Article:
Adja Toure on ‘Real Brides in Paris’ and life as a black woman in the city

Adja Toure from 'Real Girlfriends In Paris' on romance, representation and the reality of being a black girl in the European city

Courtesy of Brave

When give it to toure first had the idea of move to parisshe was in the middle of the lockdown period in New York City, locked in her apartment, ready for a change of scenery.

“One hundred percent, the pandemic was an inspiration,” he tells ESSENCE.

“I needed to do something different, change my life a bit. I am very lucky to have family in Paris and around the world,” adds the beauty born in Senegal and the United States, raised in Northern Virginia as a child and transplanted to New York City after graduating from Cornell University. . “I decided, you know what? What if I take a risk and move to another country for a few months?

Five months into lockdown, she was ready to make the change. She couldn’t have imagined how quickly she would live her best life abroad, and that her carefree black girl vibes would attract the producers of Bravo’s latest reality series, Royal brides in Paris.

Adja Toure from 'Real Girlfriends In Paris' on romance, representation and the reality of being a black girl in the European city
ROYAL BRIDES IN PARIS — Pictured: (from left to right) Kacey Margo, Adja Toure — (Photo by: Bravo via Getty Images)

Toure is one of the two expatriate black women On and in the series, viewers see her navigate the same 20-something ups and downs everywhere except Paris: dating, career, friendship, and more. And dating is a big part of the experience on the show for Toure. While she initially tried to take control of her experience meeting men, setting up dates before landing in the city through Tinder Passport Featureshe found that letting things happen naturally has been better for her love life since she moved there.

See also  How big should my emergency fund be?

“I was overthinking it,” he admits. “As my story progresses, people will see me give in to my emotions and show my vulnerability instead of putting up the same walls that I was forced to put up throughout my life. Because being the single black woman in a group of white people for most of my life, you have to have tough skin to be overlooked so often.”

So now that it’s getting a lot of attention, both on TV and among men, how does the dating scene in the City of Love compare to what you’ve experienced in the US?

“You’re going to find some gems and you’re also going to find absolute garbage and that’s a universal fact,” he says with a laugh. “I think courtship and courtship, the difference in how I view men in America that I’ve interacted with versus men that I’ve interacted with in Paris, is that there’s a look in their eyes. You you want a notch in your bed post, and your i really want some kind of connection before the notch in the bed post. There is a little difference. Maybe you both want the same thing, but I’ve dated longer in Europe than in the US, even though I’ve lived in Europe for much less time than in the US. My dating success is much stronger in Europe, even if there are still players out there.”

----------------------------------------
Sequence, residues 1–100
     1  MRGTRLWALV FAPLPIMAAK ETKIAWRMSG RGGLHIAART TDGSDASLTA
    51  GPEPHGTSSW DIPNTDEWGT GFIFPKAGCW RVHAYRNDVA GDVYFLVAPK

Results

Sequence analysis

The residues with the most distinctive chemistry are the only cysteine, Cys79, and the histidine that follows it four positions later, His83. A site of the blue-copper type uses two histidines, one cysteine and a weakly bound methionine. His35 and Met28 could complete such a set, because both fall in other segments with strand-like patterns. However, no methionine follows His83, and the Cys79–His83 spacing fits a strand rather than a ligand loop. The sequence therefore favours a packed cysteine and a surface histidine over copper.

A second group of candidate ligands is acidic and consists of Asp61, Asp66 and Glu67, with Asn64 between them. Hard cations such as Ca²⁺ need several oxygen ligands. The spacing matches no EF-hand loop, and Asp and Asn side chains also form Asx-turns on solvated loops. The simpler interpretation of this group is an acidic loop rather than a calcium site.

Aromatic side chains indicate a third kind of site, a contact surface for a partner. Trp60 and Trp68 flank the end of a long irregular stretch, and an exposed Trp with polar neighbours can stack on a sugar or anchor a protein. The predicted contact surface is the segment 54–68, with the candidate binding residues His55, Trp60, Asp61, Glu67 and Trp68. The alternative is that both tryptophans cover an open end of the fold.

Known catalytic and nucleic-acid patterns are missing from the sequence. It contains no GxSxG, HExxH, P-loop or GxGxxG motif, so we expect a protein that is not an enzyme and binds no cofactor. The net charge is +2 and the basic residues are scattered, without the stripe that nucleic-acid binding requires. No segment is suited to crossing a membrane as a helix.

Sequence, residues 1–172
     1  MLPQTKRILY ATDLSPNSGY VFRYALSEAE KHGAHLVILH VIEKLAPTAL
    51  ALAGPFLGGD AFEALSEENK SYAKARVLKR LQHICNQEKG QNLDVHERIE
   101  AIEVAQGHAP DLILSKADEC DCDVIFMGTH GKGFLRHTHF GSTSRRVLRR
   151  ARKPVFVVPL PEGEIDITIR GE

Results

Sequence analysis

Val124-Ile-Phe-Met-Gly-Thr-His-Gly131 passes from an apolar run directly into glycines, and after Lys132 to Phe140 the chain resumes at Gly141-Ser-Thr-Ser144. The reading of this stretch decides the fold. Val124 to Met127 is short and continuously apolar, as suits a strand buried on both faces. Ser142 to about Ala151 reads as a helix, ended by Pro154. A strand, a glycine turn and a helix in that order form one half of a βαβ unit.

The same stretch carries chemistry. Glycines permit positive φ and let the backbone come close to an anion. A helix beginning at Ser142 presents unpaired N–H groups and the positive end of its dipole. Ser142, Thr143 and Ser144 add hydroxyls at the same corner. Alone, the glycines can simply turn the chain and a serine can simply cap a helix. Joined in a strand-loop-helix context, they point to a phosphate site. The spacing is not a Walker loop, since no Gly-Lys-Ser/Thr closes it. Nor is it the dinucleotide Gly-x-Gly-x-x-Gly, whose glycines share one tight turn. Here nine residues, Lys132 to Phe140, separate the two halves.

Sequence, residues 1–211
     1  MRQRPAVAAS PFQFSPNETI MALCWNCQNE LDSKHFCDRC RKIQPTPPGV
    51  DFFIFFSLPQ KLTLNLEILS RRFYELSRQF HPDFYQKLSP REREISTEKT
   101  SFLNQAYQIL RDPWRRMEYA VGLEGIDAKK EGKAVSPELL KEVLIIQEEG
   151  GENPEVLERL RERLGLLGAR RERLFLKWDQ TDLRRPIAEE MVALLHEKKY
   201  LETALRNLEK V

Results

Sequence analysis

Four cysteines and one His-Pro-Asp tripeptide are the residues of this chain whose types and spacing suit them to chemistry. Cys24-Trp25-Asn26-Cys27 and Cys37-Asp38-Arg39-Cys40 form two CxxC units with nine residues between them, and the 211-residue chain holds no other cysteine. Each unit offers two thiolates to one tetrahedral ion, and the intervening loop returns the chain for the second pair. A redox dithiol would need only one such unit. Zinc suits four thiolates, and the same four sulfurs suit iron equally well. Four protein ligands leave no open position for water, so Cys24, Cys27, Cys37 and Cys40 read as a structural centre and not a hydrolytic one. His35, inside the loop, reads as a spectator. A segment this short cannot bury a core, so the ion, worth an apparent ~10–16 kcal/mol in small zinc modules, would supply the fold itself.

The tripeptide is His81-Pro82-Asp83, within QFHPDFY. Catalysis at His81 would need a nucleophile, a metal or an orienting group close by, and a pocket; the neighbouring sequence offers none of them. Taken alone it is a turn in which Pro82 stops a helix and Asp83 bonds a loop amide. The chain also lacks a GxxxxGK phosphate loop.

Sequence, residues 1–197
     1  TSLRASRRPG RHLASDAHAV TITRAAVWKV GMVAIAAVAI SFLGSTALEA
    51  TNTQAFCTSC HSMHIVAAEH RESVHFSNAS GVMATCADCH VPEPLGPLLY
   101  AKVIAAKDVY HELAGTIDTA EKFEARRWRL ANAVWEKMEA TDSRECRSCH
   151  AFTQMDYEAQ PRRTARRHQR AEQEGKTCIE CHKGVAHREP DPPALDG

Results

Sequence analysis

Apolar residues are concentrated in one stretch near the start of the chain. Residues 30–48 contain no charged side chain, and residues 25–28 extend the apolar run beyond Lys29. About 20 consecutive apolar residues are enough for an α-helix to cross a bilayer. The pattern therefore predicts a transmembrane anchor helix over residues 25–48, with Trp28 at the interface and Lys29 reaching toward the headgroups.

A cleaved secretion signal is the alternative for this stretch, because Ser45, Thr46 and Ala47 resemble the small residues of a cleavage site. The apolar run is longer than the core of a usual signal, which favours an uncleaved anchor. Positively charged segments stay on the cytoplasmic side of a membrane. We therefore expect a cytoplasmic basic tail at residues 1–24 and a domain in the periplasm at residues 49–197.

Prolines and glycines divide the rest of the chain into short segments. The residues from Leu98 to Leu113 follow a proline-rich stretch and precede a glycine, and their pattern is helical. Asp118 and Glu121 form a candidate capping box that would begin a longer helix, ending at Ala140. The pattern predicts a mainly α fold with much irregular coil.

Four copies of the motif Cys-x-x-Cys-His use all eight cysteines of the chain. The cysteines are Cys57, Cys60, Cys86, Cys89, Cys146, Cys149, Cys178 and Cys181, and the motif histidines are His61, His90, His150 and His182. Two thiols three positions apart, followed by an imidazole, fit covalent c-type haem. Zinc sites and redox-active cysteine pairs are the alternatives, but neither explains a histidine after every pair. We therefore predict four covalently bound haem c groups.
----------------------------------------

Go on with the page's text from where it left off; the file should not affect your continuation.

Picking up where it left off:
Adja Toure from 'Real Girlfriends In Paris' on romance, representation and the reality of being a black girl in the European city
ROYAL BRIDES IN PARIS — Season: 1 — Pictured: (from left to right) Emily Gorelik, Margaux Lignel, Adja Toure, Kacey Margo, Anya Firestone, Victoria Zito — (Photo by: Chris Haston/Fred Jagueneau/Bravo via Getty Images)

And when it comes to living as a black woman in Paris, she’s had good experiences so far, although being fluent in French has definitely benefited her in the experience.

See also  Is fashion fair to people with disabilities?

“I think I’ve had a lot of fun because of the generosity,” he says, describing a “pervasive acceptance” he feels but doesn’t feel, at least in New York City. “Paris is known for being stuck up and snobbish or whatever. Everyone is critical, but the people of Paris do not hide it. It is open vs. covert. I never had a problem with it, but I also found places that I always came back to because they felt like home and reminded me of a strong community. I like expat bars, I like bars where the majority are French speakers because I can assimilate both areas. But at the end of the day, it’s less stressful for me in Paris than it is in the United States, specifically New York.”

Toure has been testing the waters in Paris for a year now, and while he loves it so far, that doesn’t mean he sees it as his last stop.

“Living there has given me the confidence to leave the United States entirely if I wanted to,” he says. “Am I going to stay in Paris? For now, I want to remain a bicontinental woman. I want to use those two platforms from France and the United States to see other places. So Paris is supposed to be a base of operations, but not necessarily a final destination.”

For now, though, she’s having a lot of fun in her new home, as well as her new show, Royal brides in Paris, gearing up for its fifth episode on Monday (September 26). She is happy to show people life in Paris and to offer representation in various ways.

See also  Woman and wellness |

“I definitely feel like a pioneer in a way. Because, for one thing, TV in general doesn’t focus on midsize black women in their 20s. Two, I am bilingual and lucky to have grown up being able to share my Senegalese culture while experiencing American culture. And three, in general, I’ve always been someone who was like, ‘I wish I saw more people who looked like me,’” she says. “I was very in tune with that because of my upbringing and seeing African stars in my home and comparing that to American stars. So even if I’m not great timing or anything, it’s nice to be an African star and an American star at the same time.”